Booking is open for Intellectual Networks in the Long Seventeenth Century, a conference taking place at Durham University on 30 June – 2 July 2013 under the auspices of Durham’s Centre for Seventeenth-Century Studies. The event explores the many novel varieties of intellectual exchange which emerged across Europe and the Atlantic world during the early modern period, and in particular promises to be 2013’s foremost feast of learned epistolarity. Among several great-looking sessions on correspondence, our very own Howard Hotson will be delivering a keynote talk on ‘Electrifying the Via Lucis: Communications Technologies and Republics of Letters, Past, Present and Future’, while we will be participating on a panel entitled ‘Electrifying the Republic of Letters’ with our good friends Professor Antony McKenna from St Etienne (Correspondance de Pierre Bayle) and Professor Charles van den Heuvel from Huygens ING (Circulation of Knowledge and Learned Practices in the Seventeenth-Century Dutch Republic). Further details and programme on the conference webpage, while here’s the booking form. Hope to see you there!
To all who are far from these wet and windswept coastal lands of western Europe, we extend an apology for the choice of this record from Early Modern Letters Online and would point out the great good fortune of those of you for whom spring has sprung and who do not long for this rain and unseasonable chill to end. For all those whose thoughts of shorts and sandals are – for the present – thwarted, we’d like to offer reassurance that the May we have experienced this year is not unique. In May 1684, a twenty-three year old William Digby was travelling with his tutor through France. He wrote from Blois to Thomas Smith (Smith was, at this point, vice-president of Magdalen College, Oxford, Digby’s alma mater) that he had nothing to report but the unseasonable inclemency of the weather – it was, indeed, a January in May – and it had become so cold that he and his travelling companions had been forced to don winter clothes. Plus ça change.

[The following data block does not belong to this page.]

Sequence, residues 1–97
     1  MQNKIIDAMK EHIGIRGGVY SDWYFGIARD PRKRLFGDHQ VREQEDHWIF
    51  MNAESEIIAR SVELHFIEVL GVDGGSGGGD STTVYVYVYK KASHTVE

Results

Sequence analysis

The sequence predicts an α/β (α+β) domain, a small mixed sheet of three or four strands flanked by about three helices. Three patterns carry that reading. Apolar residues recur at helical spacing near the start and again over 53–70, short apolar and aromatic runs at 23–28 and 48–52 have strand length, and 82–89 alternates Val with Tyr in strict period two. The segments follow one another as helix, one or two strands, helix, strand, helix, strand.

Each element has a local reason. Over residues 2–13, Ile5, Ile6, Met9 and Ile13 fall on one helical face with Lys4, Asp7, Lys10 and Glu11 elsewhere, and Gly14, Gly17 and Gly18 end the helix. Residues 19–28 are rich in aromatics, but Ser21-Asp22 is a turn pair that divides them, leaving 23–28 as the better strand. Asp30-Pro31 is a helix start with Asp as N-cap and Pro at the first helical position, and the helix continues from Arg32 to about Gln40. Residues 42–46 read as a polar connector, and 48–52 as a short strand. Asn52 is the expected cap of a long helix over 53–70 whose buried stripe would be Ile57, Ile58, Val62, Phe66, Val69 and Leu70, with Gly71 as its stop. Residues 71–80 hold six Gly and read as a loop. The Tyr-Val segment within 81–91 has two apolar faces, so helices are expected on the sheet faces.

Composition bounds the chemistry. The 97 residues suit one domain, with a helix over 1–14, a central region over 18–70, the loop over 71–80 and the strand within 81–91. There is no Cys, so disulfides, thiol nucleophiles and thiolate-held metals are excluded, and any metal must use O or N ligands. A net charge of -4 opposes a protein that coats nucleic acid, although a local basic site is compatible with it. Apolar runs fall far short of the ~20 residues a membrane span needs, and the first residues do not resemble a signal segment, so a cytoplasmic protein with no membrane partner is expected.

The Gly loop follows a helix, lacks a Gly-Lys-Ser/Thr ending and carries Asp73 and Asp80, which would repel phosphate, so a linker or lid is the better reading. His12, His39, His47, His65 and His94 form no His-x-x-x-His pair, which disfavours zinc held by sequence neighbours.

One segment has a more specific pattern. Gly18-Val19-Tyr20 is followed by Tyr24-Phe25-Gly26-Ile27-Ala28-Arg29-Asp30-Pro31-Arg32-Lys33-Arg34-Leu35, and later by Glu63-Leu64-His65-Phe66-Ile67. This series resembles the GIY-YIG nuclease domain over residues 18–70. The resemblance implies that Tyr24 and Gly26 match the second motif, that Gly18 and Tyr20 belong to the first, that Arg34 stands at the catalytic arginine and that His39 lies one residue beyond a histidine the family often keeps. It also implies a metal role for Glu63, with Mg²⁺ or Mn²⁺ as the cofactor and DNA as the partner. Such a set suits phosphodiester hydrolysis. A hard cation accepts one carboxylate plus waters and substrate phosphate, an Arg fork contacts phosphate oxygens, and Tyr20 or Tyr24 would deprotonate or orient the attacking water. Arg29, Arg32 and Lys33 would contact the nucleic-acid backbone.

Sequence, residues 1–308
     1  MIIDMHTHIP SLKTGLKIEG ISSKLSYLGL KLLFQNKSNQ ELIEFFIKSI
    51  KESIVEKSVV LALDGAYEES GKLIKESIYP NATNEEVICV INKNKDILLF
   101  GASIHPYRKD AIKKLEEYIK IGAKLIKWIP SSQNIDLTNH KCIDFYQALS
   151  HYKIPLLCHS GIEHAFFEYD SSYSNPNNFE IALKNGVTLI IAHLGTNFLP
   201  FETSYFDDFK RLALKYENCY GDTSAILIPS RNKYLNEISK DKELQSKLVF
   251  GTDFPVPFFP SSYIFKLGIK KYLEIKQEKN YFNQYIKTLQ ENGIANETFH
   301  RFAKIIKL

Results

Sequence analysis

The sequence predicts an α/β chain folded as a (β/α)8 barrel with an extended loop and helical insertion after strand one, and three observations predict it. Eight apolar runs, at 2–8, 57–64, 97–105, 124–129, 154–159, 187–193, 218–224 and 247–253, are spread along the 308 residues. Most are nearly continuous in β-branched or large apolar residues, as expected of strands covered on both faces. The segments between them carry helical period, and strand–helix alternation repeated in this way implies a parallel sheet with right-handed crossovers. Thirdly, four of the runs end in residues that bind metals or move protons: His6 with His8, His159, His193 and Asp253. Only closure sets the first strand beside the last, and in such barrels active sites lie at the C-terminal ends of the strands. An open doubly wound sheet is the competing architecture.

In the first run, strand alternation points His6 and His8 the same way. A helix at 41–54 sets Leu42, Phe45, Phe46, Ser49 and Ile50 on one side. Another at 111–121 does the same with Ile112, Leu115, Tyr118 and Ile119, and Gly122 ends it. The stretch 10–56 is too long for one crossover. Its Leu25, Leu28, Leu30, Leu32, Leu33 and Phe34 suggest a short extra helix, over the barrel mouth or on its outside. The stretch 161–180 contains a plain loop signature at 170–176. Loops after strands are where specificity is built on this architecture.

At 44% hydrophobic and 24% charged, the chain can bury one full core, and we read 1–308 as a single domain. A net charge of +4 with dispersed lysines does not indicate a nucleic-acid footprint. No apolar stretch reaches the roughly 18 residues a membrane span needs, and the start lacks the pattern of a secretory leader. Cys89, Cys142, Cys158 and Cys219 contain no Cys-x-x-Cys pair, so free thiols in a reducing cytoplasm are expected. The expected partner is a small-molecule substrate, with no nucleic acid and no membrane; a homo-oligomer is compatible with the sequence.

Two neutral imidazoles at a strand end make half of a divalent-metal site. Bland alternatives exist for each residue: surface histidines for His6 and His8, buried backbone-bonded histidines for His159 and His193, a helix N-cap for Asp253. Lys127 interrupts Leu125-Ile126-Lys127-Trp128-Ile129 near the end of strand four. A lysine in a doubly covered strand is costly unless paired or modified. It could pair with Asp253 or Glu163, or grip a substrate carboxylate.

Bess of Hardwick’s Letters: The Complete Correspondence c.1550-1608 has recently gone online. Created by the AHRC Letters of Bess of Hardwick Project, led by Dr Alison Wiggins (University of Glasgow), this wonderful new digital edition makes freely available full texts of all 234 letters to and from Bess – one of Elizabethan England’s most famous figures – alongside colour images of 185 missives (with transcription facilities), contextualised by extensive commentaries on Bess and on the material and linguistic characteristics of early modern English correspondence that are alone worth the price of admission. Alison discusses the creation of this extraordinary resource in this super talk from our 2012 seminar series. Congratulations, Alison and team!